So I have this node voltage equation problem. Seems really easy, actually.


simulate this circuit – Schematic created using CircuitLab

In fact, this appears to be only one equation, barring constants. $$\frac{1}{110}v_{12}+(2)\frac{20}{10}+\frac{1}{100}v_1=0$$ with the fairly obvious addition of \$v_2=20\$.

This works out to be \$v_1=200\space\mathrm{v}\$.

However, the book says the answer is 219 volts. What is the error in my approach?

  • \$\begingroup\$ Where is ground? \$\endgroup\$
    – mkeith
    Oct 29 '14 at 6:04

Not sure where you made a mistake. It seems like you only have three terms in your sum, but there are four legs. Is that part of the problem? I actually think this is a hard problem, but I graduated from college over 10 years ago. Let me walk you through it.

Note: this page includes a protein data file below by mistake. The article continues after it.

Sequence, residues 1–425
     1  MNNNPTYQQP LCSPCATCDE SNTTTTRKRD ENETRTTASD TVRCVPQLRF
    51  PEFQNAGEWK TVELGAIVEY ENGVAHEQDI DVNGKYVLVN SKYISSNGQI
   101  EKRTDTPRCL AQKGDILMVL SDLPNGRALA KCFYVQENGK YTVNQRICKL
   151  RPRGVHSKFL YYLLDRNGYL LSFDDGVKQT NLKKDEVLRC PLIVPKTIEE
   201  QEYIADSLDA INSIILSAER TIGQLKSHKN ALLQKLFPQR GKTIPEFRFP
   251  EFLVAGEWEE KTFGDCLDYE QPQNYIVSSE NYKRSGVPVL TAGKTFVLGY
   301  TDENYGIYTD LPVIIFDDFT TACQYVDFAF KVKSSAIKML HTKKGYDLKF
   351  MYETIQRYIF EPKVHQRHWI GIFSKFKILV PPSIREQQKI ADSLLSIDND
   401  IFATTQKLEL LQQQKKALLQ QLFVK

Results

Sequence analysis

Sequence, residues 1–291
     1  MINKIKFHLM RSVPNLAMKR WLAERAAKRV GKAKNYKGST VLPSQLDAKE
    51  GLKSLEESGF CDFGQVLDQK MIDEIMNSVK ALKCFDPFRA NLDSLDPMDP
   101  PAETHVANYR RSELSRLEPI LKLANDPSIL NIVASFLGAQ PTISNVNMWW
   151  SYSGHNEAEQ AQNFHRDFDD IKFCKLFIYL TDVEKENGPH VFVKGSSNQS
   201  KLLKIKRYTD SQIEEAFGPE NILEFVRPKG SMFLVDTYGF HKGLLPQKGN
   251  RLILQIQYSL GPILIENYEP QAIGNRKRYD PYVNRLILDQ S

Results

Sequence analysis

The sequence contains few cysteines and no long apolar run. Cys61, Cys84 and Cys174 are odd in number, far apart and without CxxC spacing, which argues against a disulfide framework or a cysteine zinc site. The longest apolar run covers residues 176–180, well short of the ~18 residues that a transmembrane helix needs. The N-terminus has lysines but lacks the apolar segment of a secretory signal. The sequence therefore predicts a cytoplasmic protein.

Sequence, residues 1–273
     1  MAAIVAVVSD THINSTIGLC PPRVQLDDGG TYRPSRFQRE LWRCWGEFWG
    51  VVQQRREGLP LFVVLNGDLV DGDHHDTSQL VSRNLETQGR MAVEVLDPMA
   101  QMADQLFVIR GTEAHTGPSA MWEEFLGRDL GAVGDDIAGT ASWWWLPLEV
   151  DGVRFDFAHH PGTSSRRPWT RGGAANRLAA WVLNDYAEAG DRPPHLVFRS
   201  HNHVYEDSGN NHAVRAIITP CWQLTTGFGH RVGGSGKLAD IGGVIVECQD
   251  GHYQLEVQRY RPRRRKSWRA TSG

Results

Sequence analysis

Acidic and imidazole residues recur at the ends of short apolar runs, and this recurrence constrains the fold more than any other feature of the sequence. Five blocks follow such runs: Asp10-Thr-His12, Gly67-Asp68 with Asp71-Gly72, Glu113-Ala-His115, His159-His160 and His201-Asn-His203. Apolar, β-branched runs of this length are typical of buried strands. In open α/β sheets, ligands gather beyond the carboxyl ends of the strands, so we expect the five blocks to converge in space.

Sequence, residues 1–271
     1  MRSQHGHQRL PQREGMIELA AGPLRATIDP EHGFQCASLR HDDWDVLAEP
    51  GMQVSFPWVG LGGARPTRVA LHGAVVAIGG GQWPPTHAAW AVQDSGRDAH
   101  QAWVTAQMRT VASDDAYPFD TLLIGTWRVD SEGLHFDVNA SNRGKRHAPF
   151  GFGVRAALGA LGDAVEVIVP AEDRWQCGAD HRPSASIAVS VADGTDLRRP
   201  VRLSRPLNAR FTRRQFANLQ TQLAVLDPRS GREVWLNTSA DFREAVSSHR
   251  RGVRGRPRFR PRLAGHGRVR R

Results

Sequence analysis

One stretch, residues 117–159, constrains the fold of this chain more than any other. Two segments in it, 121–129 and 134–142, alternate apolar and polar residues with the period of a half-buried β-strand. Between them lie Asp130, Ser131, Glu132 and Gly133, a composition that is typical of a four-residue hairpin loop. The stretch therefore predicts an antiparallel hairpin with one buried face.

I am going to sum all the currents going into V2. Just have to calculate them first, and write them with the correct polarity (going INTO V2).

i_1 is -2A by inspection. So 2*(i_1) is -4A. Current in the Voltage source is V1/100 +2A (going up... this itself is a sum) Current in the 110 Ohm is (V1-20)/110 (going to right in 110 Ohm resistor)

So, summing currents into node, -2A -4A +2A + V1/100 + (V1-20)/110 = 0. V1/100 + (V1-20)/110 = 4 V1/100 + V1/110 - 20/110 = 4 V1/100 + V1/110 = 4+20/110 V1 (1/100 + 1/110) = 4 + 20/110 V1 = (4 + 20/110)/(1/100 + 1/110) V1 = 219.05.

Hope that helps.


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